Jacobo Cordova

Posted on 28th July 2023

Clojure Corner with Michiel Borkent

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Allow us to corner the creater of babashka, Michiel Borkent, a.k.a. Borkdude. Babashka is the native Clojure interpreter for scripting with fast startup.

Ela: First of all, I would like to thank Michiel for accepting on having a talk with us.

Here we have Jiri Knesl our cool CEO, and Jacobo Cordova our developer who is going to lead this talk ^_^ To begin with I would like to ask the first question, How was the bb conference?

Michiel: The babashka conference in Berlin was awesome. We had 7 talks by international speakers, lightning talks, workshops, and vegan snacks. All with the welcoming warm atmosphere I’m used to from other conferences. It was more than I could have hoped for. You can find all the talks on youtube.

Jacobo: Hello everyone! nice to meet you Michiel

Jiri: Hi everyone, great having you here!

Michiel: :wave:

Jacobo: let me introduce myself briefly before we begin. I’m a Clojure developer at Flexiana, and it is a true honor to conduct this interview. This interview series provides us with the privilege of speaking with influential figures in the world of Clojure, and undoubtedly, you can be considered one of the superstars of the Clojure community.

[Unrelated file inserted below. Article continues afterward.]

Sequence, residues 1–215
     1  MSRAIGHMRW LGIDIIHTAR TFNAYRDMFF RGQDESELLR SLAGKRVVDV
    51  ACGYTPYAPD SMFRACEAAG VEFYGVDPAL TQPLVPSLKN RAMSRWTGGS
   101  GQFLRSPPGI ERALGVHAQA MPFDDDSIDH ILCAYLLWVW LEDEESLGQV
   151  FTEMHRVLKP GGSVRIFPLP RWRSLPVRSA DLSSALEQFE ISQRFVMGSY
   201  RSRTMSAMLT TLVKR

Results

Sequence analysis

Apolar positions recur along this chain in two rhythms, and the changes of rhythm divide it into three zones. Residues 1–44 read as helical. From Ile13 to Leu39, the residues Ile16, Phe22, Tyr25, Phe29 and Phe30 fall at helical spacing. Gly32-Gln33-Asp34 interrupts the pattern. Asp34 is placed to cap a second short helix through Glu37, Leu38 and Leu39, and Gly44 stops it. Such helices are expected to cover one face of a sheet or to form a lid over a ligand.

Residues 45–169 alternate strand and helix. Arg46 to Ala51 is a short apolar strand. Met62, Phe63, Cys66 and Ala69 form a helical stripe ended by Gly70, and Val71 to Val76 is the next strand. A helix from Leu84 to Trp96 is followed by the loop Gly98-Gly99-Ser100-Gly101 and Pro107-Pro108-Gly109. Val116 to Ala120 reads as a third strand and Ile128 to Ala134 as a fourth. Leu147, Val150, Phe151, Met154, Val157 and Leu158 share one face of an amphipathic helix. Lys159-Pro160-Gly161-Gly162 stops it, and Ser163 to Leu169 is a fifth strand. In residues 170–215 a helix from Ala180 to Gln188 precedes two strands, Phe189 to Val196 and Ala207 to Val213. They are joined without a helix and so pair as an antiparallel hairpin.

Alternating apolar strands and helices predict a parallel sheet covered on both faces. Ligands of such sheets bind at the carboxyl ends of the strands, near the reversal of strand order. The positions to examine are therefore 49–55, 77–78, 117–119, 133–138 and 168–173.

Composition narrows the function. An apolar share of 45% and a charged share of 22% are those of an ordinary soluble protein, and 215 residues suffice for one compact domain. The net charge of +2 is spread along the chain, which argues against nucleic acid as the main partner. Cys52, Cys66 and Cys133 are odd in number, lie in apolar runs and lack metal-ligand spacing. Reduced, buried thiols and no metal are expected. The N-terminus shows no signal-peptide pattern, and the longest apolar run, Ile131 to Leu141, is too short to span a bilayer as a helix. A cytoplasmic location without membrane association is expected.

Now, turning to your work, there are many remarkable achievements to highlight. You are widely known as the creator and maintainer of several popular Clojure libraries and tools. One such notable contribution is the development of the CLJ-Kondo tool. This fast and customizable linter for Clojure code has greatly helped developers identify potential issues and maintain code quality in their Clojure projects.

In addition to clj-kondo, you have written and contributed to a number of other significant Clojure libraries. Notable is Babashka, a Clojure native scripting tool that has provided developers with an efficient and versatile way to run Clojure scripts. You have also created SCI, a Clojure interpreter written in ClojureScript that extends Clojure’s capabilities beyond its traditional runtime environment.

Considering your extensive contributions, I am curious to know which development you feel defines your contribution to the Clojure ecosystem the most. While all of your contributions are impressive, is there one particular achievement that you believe has had a significant impact or holds special meaning to you?

Michiel: Thanks a lot, it’s a pleasure to speak with you all!